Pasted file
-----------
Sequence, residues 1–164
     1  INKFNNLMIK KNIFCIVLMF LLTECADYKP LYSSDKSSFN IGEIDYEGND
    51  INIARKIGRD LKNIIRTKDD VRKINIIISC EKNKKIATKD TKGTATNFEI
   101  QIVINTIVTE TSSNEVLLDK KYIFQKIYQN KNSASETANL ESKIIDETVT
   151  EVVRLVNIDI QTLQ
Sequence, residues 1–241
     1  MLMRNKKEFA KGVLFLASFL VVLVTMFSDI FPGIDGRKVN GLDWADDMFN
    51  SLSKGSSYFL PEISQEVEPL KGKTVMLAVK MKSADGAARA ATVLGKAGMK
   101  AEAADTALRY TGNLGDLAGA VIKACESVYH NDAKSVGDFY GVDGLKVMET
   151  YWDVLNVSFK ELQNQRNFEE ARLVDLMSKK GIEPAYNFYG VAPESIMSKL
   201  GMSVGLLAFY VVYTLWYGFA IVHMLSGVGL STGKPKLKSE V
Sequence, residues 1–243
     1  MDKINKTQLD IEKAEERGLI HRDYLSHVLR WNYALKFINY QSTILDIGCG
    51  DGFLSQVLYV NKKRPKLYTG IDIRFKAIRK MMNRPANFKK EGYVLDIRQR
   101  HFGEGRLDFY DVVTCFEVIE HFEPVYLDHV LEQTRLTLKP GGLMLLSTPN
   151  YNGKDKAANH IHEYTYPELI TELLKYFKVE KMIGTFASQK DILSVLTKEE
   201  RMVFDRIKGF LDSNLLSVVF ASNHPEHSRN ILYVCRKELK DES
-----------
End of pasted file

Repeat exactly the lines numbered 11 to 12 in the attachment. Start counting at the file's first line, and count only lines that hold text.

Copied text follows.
   201  GMSVGLLAFY VVYTLWYGFA IVHMLSGVGL STGKPKLKSE V
Sequence, residues 1–243